Fritze is critical as well.

“I and most historians of exploration consider ‘They Came Before Columbus’ to be very wrong in its contentions about African voyages to the Americas,” he told TheDCNF.

Nevertheless, the IAAAS curriculum provides a unit on the work that includes links to seven-part Youtube video series.

Laid out in the curriculum are pictures with arrows drawn to help guide teachers’ lessons. One asks, “Is the water under the ‘boat’ telling us that these people traveled over the ocean from a place with pyramids?”

CPS initially denied TheDCNF’s request for a copy of the curriculum, made last year, citing the fact that the curriculum was still a preliminary draft.

But last December, Byrd-Bennett made a presentation using slides taken from the IAAAS curriculum. State open records laws require officials to release records of preliminary drafts when those records have been discussed in a public forum.

The Chicago curriculum does focus heavily on well established history and events — including discussions on slavery, the histories of black inventors, the civil rights movement and President Obama.

But other sections also delve into controversial areas. The eighth grade literacy section unit, titled “Being an Advocate to Social Justice,” directs students to the website for the American Civil Liberties Union. It also includes a poem titled “Racism is Around Me Everywhere,” cartoons from the website LeftyCartoons.com, and it encourages discussion of Attorney General Eric Holder’s infamous “nation of cowards” quote.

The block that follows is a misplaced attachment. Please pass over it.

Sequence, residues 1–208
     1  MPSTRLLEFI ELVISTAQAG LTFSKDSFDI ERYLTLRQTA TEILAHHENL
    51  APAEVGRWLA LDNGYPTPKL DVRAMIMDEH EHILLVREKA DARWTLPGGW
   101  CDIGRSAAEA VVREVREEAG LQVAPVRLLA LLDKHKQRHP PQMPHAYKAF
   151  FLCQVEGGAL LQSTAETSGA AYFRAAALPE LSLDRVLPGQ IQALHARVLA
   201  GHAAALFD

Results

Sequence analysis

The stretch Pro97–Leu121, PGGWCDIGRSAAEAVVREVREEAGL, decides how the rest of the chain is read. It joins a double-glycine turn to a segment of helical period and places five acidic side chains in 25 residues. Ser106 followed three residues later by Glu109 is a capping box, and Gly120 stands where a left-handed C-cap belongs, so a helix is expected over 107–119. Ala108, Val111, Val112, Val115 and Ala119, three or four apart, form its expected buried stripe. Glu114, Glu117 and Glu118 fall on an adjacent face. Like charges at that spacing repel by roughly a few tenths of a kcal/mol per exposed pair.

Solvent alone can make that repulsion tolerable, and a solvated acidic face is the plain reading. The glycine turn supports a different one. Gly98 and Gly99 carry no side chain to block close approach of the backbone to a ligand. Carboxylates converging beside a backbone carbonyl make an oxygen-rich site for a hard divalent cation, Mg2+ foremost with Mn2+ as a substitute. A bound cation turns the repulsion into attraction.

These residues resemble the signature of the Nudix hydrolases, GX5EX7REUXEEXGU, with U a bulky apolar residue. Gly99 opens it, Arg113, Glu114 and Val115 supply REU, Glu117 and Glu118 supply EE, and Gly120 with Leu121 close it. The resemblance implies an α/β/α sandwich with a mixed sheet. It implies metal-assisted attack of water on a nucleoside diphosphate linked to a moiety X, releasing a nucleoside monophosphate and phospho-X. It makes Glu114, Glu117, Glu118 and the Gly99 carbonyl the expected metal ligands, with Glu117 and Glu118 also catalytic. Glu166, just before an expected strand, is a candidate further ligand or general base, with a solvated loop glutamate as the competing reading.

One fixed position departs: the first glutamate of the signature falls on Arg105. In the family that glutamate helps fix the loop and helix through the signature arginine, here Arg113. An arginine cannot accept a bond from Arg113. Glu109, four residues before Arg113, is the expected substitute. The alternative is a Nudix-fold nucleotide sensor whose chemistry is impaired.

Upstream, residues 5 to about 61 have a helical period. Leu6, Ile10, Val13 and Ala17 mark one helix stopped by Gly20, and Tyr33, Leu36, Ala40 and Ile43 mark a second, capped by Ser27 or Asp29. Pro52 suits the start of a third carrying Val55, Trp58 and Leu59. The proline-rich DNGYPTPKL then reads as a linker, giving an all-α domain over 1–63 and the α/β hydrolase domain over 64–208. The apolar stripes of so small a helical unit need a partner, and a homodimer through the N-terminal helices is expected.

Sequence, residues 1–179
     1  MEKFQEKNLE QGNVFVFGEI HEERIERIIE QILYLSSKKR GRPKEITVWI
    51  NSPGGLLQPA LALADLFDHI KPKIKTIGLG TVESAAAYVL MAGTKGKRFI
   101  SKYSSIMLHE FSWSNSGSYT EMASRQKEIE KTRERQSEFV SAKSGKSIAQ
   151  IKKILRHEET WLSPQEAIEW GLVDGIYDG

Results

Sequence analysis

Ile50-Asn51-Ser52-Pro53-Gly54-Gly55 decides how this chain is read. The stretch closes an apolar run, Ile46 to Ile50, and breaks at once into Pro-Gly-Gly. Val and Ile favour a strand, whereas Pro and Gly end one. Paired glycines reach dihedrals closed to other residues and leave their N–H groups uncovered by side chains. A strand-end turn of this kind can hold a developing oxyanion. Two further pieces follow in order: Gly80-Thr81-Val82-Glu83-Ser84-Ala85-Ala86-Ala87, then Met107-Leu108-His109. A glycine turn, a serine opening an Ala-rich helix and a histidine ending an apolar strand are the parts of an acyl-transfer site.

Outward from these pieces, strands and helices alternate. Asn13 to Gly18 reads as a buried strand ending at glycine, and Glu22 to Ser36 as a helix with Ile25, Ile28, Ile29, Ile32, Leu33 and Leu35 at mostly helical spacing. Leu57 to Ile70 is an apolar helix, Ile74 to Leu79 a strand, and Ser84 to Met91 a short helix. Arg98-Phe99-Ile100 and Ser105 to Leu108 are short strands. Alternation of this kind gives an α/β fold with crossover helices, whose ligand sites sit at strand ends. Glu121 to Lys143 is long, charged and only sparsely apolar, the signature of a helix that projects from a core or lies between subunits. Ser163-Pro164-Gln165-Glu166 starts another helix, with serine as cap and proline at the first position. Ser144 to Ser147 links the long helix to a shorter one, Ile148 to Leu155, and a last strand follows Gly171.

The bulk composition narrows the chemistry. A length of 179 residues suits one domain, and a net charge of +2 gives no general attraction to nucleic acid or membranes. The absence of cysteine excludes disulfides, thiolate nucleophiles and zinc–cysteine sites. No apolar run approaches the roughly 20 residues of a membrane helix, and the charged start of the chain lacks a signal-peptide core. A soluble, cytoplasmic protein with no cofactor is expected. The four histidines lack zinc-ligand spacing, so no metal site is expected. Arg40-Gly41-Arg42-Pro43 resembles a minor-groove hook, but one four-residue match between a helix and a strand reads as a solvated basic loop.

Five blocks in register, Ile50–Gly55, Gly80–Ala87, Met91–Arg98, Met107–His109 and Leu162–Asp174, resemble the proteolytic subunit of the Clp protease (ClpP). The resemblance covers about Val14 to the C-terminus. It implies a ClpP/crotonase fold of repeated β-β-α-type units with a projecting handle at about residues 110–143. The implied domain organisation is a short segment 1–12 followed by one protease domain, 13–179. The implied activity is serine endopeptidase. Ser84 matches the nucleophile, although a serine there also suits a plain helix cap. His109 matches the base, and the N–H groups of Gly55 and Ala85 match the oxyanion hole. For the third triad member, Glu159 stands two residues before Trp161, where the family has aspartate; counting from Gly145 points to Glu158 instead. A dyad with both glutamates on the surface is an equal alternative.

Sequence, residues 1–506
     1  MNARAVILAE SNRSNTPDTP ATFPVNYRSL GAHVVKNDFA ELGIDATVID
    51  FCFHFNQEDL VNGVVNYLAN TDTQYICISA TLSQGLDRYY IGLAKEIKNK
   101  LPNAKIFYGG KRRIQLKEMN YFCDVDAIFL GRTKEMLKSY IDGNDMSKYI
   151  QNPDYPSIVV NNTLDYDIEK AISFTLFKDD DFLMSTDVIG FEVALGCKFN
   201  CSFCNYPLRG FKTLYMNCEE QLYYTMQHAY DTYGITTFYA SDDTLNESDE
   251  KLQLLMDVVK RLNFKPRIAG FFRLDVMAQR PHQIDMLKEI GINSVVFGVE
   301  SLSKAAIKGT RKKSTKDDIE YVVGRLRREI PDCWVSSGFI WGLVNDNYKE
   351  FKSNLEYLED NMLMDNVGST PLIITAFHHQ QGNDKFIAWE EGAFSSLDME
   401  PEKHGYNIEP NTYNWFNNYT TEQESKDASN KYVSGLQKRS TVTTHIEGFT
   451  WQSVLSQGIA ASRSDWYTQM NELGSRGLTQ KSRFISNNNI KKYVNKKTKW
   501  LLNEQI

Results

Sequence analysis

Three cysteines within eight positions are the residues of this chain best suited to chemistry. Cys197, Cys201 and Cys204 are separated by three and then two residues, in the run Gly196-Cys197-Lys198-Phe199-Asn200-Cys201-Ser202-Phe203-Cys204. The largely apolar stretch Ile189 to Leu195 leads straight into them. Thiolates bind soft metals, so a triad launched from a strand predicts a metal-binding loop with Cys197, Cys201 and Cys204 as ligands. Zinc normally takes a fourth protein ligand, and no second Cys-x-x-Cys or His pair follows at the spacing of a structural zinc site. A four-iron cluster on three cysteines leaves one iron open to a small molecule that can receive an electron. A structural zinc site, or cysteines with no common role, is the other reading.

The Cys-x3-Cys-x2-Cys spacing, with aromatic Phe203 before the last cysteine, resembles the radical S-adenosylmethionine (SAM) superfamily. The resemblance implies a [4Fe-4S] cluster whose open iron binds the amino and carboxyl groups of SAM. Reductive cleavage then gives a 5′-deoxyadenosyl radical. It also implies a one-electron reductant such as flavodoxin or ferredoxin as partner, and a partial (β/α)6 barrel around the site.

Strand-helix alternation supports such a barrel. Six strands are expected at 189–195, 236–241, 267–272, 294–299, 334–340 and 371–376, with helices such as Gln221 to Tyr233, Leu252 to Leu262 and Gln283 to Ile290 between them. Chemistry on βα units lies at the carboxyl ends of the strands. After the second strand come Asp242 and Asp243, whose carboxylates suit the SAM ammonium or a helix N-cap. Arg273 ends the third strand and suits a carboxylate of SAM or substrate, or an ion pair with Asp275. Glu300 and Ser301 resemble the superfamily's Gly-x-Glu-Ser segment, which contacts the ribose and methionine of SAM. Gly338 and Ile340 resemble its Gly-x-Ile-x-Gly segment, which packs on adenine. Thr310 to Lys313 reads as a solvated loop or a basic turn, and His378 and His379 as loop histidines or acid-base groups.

The ninth grade literacy section encompasses a study of the Pan African Movement. Teachers are encouraged to engage their students in debate over voluntary segregation. “Have someone read the following resolution, Resolved: voluntary segregation promotes growth in a diverse community. Teams then participate in a graded formal debate.”

Tenth graders are introduced to “critical race theory,” which holds that institutional racism and white privilege are pervasive throughout society.

A request for comment from Chicago Public Schools was not answered.